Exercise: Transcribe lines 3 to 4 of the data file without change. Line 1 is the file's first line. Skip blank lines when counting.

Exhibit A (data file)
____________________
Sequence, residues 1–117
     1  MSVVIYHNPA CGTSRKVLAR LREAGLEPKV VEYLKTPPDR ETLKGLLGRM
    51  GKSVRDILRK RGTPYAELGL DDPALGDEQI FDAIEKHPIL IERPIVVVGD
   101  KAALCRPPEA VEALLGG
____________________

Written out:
    51  GKSVRDILRK RGTPYAELGL DDPALGDEQI FDAIEKHPIL IERPIVVVGD
   101  KAALCRPPEA VEALLGG